The paper compares the discriminating use of antimicrobials for acute ear infection in the Netherlands and Iceland, versus the abundant prescription policies of antibiotics in the U.S. and Britain.
According to the authors, otitis media is the "most common reason for outpatient antimicrobial use" in the U.S. Approximately 30 percent of children under age three receive microbial treatment for acute ear ache each year.
The Netherlands, by comparison does not include antimicrobial use in their initial routine treatment of otitis media symptoms. The authors report that "this policy is associated with decreased emergence of resistance among organisms commonly found in otitis media."
The paper asks and answers some important questions:
"Does Treatment Improve Outcomes?
"Nevertheless, since results are mixed and no study found large differences between placebo and antimicrobial groups, we conclude that the benefit of routine antimicrobial use for otitis media, judged be either short or long-term outcomes, is unproved.
"Does Treatment Prevent Complications?
"Although preventing mastoiditis and meningitis is a rationale for antimicrobial treatment, little evidence exists that routine treatment is effective for this purpose.
"Do Children at High Risk Benefit from Antimicrobials?
"No study has addressed whether antimicrobial treatment decreases the frequency of these in all or some of those with known risk factors.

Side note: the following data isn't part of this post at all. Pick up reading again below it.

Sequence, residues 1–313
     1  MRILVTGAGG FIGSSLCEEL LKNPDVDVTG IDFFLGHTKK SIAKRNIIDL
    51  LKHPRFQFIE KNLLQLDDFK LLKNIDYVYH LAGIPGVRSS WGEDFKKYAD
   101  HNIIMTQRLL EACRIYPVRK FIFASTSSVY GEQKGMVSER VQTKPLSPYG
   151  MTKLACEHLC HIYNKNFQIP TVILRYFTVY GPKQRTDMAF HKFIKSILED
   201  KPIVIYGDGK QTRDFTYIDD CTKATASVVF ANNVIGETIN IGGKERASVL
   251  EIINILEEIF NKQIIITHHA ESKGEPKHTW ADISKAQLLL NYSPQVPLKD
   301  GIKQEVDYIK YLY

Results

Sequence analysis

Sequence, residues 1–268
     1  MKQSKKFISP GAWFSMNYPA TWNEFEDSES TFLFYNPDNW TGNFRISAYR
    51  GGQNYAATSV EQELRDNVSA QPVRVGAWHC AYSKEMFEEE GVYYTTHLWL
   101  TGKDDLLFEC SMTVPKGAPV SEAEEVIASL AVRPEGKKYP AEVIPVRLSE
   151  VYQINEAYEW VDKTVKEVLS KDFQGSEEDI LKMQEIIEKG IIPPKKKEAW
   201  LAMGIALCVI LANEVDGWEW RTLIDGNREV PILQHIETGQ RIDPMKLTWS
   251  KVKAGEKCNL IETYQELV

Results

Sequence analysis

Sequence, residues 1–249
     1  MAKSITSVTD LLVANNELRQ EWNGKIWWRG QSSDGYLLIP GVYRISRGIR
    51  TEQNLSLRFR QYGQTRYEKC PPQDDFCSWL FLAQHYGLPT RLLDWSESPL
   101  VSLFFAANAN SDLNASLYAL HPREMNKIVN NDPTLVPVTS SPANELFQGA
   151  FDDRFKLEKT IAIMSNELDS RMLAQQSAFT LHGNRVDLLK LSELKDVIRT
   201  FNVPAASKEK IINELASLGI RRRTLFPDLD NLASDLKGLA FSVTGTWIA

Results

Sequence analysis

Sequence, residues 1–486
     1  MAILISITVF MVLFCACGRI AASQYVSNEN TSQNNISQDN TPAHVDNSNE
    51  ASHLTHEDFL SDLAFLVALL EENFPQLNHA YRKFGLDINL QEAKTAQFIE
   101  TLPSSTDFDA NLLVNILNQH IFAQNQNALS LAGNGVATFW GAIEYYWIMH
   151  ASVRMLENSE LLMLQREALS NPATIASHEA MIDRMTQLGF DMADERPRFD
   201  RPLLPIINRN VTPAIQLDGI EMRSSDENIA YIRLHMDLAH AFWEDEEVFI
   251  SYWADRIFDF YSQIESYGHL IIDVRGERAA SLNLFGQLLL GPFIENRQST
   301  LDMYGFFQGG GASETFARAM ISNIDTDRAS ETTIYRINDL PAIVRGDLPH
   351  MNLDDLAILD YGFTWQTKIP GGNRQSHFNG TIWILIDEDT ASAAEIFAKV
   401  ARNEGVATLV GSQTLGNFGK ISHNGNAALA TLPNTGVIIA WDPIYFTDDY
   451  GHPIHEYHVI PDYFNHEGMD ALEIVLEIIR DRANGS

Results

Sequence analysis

"What is the Optimal Type and Duration of Administration? "In the nine country study, antimicrobials did not improve outcome at two months, and no differences in rates of recovery were found for either antimicrobial type or duration.
"No Compelling Evidence
"After addressing these four questions, we conclude that existing research offers no compelling evidence that children with acute otitis media routinely given antimicrobials have a shorter duration of symptoms, fewer recurrences, or better long-term outcomes than those who do not receive them.
"What Is the Effect on Antimicrobial Resistance?
"Antimicrobial use in children with otitis media results in the emergence of resistant organisms in those children and in the community. Although the organisms that cause otitis media are similar across countries, the Netherlands has a lower prevalence of resistant strains than other European countries.
"What Needs to Be Done?
"Research -- Placebo studies indicate that more than 80 percent of children with acute otitis media recover without antimicrobials.It is hard to believe that these drugs have been prescribed for decades without needed supporting research. Even more concerning is the warning given by the authors in the first sentence of the paper:
"Prevention of acute otitis media -- Sufficient information exists to support aggressive encouragement of breast feeding and avoidance of tobacco smoke. There is insufficient evidence of effectiveness to recommend pneumococcal vaccine.
"Treatment of acute otitis media -- Clinicians should immediately reconsider the routine use of antimicrobials for children with otitis media and consider treating symptoms with analgesics and observation for lack of improvement."
"Increasing worldwide resistance of bacteria to antimicrobial drugs is causing a crises manifested by higher morbidity, mortality and costs.2"While much of this will not be considered news to the chiropractic community, or to many medical doctors, one hopes the medical pediatric community will begin to reconsider the routine prescription of antiobiotics for otitis media.
Editor's note: For additional information on this paper, please see "The Ammunition You've Always Wanted" on page three of this issue.